$$$ | Intimate 66-seat restaurant focused on pasta with a central show kitchen in the middle of the dining room. Flour Shop’s simple, rotating menu consists of fresh pasta and breads, along with roasted and grilled meats, seafood, and vegetables.
Choose a seat at Flour Shop’s bar and watch the chef prepare your dishes in the restaurant ’s central kitchen. Must-order dish: Burrito toast ($14) with a herb and butternut squash pistol, a French sauce similar to pesto.
Dishes like charred okra and fried chicken are Southern classics perfected. And Colleen Hughes’ cocktails are some of the most innovative and beautiful in the city (think flower petals frozen into ice spheres).
Hello, Sailor is not as polished as Kindred in Davidson, but what it lacks in elegance, it makes up in fun. The Cornelius restaurant ’s location on Lake Norman makes it an unbeatable spot on a sunny day.
On a hot day, order one of Hello, Sailor’s cocktails, which arrive in luau-themed glassware with colorful umbrellas. Round out the fried food with a side of watermelon ($4.99), which is served with sea salt and all pastor seasoning.
$ | Modern, cozy space with creative ramen dishes in South End This intimate restaurant along the Rail Trail would be easy to forget it exists if it wasn’t so darn good.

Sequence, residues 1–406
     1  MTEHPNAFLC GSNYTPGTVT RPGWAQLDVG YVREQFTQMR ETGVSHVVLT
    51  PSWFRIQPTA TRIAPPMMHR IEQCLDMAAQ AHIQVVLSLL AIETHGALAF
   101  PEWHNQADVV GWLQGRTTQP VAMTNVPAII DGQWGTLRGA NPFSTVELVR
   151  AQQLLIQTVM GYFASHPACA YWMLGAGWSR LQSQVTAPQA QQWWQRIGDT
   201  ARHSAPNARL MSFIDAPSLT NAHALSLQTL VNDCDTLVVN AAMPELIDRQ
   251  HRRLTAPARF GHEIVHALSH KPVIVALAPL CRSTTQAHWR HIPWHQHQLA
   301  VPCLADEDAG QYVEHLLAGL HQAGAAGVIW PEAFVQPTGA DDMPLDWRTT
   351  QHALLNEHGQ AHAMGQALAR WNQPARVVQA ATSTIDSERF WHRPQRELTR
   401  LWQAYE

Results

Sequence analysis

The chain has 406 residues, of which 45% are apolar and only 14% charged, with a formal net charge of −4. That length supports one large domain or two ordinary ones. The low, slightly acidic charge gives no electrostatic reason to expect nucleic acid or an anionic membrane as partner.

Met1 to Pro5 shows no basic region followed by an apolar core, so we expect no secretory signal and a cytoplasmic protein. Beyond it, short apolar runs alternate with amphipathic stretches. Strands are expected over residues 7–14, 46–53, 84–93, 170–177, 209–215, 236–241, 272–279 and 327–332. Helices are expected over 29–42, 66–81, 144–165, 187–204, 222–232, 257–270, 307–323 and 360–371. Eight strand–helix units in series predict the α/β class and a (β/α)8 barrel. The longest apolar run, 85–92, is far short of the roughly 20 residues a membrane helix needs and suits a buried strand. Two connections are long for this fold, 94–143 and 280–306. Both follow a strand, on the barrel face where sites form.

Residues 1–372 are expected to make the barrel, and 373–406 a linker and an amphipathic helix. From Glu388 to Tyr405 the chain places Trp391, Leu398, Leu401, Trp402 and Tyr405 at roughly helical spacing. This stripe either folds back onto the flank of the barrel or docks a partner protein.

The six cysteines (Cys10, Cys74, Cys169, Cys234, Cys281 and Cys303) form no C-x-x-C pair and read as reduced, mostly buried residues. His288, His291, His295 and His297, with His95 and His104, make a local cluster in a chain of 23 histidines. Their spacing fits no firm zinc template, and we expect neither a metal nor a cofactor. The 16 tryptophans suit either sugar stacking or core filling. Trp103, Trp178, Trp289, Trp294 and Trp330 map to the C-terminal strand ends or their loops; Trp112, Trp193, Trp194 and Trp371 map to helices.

Owner and chef Michael Shorting’s giant bowls of ramen ($12-$18) are among the best in Charlotte, which explains why this spot is almost always busy. Must-order dish: “Fire & Ice” ramen ($13) with kimchi and dash broth, hot smoked salmon, fresh mint, BOK chop, shaved carrot, radish, black sesame, scallion, and leek.
Since then, dozens of other Charlotte restaurants have latched on to the small plates approach to dining, but none do it with as much versatility as Good Food, with influences from Greece, Korea, Italy, and more. Must-order dish: Steamed bun with Five Spice-rubbed pork belly, housing, and pickled vegetables ($10).
Then in October, a fire in Rooster’s Uptown kitchen temporarily closed operations. There’s no word on when Rooster’s Uptown will reopen, but thankfully, its loyal following of diners can still visit the South Park location.
$$$$ | Tiny, no-frills South Park restaurant that helped establish Charlotte’s culinary scene Barrington’s was Bruce Buffett’s first venture in Charlotte, and it’s still hard to get a reservation here without making it a week in advance.